Culture and cognitive development
Journal/Book: Curr Directions Psychol Sci. 2000; 9: 40 West 20Th Street, New York, NY 10011-4211, USA. Cambridge Univ Press. 37-40.
Abstract: Human beings are biologically adapted for culture in ways that other primates are not. The difference can be clearly seen when the social learning skills of human and their nearest primate relatives are systematically compared. The human adaptation for culture begins to make itself manifest in human ontogeny at around 1 year of age as human infants come to understand other persons as intentional agents like the self and so engage in joint attentional interactions with them. This understanding then enables young children (a) to employ some uniquely powerful forms of cultural learning to acquire the accumulated wisdom of their cultures, especially as embodied in language, and also (b) to comprehend their worlds in some uniquely powerful ways involving perspectivally based symbolic representations.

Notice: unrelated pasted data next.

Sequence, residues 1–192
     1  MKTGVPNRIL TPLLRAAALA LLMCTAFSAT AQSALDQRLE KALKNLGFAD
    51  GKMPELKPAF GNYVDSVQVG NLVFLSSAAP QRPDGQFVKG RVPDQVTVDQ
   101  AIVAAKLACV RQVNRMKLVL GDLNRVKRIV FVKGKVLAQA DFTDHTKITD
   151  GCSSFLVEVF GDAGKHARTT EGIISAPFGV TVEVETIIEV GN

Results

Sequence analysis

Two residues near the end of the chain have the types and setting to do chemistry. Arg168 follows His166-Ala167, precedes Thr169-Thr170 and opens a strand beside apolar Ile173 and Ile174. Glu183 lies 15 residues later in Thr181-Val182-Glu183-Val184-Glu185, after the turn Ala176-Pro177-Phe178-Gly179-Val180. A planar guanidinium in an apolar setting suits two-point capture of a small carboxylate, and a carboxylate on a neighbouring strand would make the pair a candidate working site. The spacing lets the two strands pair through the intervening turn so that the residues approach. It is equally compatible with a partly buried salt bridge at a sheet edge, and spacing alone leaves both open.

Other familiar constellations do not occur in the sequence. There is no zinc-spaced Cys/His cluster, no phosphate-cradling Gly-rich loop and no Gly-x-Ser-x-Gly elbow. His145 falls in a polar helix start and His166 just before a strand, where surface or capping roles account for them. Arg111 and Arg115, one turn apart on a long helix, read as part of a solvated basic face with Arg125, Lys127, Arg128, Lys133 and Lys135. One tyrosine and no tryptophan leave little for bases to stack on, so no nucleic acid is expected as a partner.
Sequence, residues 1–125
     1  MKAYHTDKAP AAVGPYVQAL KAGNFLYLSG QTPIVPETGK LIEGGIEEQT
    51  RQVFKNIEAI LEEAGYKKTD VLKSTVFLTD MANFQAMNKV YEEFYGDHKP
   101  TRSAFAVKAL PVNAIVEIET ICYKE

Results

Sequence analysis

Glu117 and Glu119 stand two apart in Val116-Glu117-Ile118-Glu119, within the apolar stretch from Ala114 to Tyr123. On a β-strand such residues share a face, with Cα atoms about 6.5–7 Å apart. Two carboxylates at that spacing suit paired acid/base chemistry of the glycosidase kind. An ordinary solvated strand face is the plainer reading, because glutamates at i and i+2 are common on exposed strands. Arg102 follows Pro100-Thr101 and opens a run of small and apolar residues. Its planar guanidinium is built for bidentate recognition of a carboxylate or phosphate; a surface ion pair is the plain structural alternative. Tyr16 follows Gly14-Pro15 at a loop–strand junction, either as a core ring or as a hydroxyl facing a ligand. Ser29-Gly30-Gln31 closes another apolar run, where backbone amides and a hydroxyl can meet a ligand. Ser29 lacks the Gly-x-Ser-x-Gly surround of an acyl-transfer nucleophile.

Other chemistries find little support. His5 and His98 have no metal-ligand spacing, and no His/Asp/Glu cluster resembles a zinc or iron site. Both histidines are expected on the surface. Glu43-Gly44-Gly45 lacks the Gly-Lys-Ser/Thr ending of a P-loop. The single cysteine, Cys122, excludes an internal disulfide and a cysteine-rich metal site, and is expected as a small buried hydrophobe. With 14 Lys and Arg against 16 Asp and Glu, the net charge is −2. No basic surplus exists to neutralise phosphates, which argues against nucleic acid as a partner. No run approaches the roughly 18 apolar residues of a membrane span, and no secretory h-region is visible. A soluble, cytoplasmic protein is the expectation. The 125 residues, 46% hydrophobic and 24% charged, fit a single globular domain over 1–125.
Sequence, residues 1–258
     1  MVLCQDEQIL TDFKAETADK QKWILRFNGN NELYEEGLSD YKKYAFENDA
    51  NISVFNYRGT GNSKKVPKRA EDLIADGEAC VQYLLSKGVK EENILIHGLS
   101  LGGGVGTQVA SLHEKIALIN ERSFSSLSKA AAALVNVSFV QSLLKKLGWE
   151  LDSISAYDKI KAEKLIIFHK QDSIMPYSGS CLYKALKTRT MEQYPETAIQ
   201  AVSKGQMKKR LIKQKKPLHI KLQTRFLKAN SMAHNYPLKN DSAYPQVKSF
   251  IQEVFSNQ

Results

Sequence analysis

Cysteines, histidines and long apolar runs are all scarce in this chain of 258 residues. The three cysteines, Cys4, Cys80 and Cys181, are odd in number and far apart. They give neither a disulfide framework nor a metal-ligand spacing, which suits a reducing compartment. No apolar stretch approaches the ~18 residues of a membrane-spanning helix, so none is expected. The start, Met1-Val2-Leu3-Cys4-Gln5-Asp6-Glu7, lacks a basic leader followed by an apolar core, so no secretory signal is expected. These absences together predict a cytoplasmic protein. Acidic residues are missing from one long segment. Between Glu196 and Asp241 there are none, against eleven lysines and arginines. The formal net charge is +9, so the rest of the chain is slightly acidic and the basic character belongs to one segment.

Note: Article Tomasello M, Max Planck Inst Evolutionary Anthropol, Inselstr 22, D-04103 Leipzig, GERMANY
Keyword(s): culture; cognition; human evolution; language; joint attention; 18-MONTH-OLD